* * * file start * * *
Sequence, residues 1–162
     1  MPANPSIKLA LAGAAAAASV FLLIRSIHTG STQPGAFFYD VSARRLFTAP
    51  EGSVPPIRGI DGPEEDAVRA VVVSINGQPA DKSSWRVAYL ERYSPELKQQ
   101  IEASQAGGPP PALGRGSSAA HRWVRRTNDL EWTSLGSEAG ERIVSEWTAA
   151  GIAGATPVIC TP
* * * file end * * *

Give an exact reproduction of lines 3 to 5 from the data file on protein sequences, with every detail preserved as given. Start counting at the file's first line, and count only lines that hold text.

    51  EGSVPPIRGI DGPEEDAVRA VVVSINGQPA DKSSWRVAYL ERYSPELKQQ
   101  IEASQAGGPP PALGRGSSAA HRWVRRTNDL EWTSLGSEAG ERIVSEWTAA
   151  GIAGATPVIC TP